If you were to ask 100 people to name an Irish whiskey, the majority of them would say Jameson. Everybody knows Jameson. After all, it’s the biggest selling Irish whiskey in the world and available in most bars.
Funny thing about Jameson is it was started by a Scotsman. Yes, John Jameson was born in Scotland. He crossed the Irish Sea to manage his wife’s uncle’s distillery. Jameson’s wife was Margaret Haig (same family who owned Haig Club Scotch whisky). John Jameson’s son, John, eventually took over the distillery. Fast forward a couple of company mergers, Jameson is now owned by Pernod Ricard.
Jameson is distilled at the Midleton distillery in Dublin, which also produces Redbreast, Midleton, Powers and other Irish whiskies. For a while in recent history, there were only three distilleries on Ireland producing all Irish whiskey – Midleton, Cooley and Bushmill’s. New ones have cropped up in the last couple of years, ushering in a renaissance period in Irish whiskey.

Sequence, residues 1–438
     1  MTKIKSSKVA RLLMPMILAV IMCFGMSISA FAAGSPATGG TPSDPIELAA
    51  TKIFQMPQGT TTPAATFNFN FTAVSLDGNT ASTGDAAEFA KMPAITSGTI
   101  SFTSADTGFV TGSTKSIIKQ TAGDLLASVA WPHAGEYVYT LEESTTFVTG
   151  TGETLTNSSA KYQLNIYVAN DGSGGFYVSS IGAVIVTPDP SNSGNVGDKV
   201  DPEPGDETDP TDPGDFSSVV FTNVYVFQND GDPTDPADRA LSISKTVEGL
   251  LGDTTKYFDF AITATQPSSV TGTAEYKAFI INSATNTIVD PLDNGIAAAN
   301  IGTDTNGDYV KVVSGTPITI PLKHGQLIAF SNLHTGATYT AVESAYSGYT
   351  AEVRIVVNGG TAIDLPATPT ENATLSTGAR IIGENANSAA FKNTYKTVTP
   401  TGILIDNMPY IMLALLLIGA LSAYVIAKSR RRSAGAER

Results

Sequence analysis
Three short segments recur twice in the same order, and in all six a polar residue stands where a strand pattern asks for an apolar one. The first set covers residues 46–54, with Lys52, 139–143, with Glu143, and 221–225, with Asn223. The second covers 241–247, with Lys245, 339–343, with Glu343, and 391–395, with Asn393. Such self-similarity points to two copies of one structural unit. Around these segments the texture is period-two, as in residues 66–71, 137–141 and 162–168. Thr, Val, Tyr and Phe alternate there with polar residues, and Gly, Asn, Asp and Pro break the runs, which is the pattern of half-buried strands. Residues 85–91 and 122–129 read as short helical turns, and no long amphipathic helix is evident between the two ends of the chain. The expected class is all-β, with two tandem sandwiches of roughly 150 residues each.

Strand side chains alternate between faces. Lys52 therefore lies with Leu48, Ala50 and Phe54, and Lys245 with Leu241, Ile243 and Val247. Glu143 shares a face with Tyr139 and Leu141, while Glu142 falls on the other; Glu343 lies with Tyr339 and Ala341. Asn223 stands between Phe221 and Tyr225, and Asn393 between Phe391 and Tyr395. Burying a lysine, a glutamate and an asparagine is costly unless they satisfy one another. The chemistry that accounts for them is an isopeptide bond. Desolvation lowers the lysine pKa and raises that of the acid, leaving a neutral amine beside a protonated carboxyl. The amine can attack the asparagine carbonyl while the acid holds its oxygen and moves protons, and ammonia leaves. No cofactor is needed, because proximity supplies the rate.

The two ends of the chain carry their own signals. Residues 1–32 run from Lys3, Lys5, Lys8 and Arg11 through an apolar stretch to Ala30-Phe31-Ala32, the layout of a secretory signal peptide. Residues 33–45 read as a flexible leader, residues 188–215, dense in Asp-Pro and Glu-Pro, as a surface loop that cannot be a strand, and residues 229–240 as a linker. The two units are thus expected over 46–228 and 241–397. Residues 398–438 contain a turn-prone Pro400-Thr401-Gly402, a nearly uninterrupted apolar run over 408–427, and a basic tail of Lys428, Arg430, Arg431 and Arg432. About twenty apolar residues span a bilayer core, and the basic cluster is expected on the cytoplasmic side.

The standard expression of Jameson is the one most folks are familiar with. There’s no age statement on the label. What we do know is it’s triple distilled, giving it a light body. It’s also a blend of grain and potstill whiskies. The final product is bottled at the minimum 40% abv.
On the nose is a bit of grain alcohol, along with a slight metallic/copper note. A bit of light honey provides a sweet aroma, while a floral note keeps things a touch fragrant. The entry is soft and surprisingly fruity. I’m talking about slightly acidic berries. Honey from the nose is also present, along with that odd grain alcohol note. The finish is on the sweeter side, and doesn’t linger long.
This is a light bodied whiskey that seems to be made to sip with ice at a party, which is how I enjoy mine. What’s in the bottle is just fine. It’s not phenomenal or particularly memorable, but it serves its purpose. Jameson does make for a great tasting Irish coffee, which is why I bought the bottle in the first place. That reminds me: Louisiana folks, pick up a free copy of the March/April 2016 My Rouses Everyday magazine at Rouses Supermarkets. I have a piece on Irish Coffee in that issue.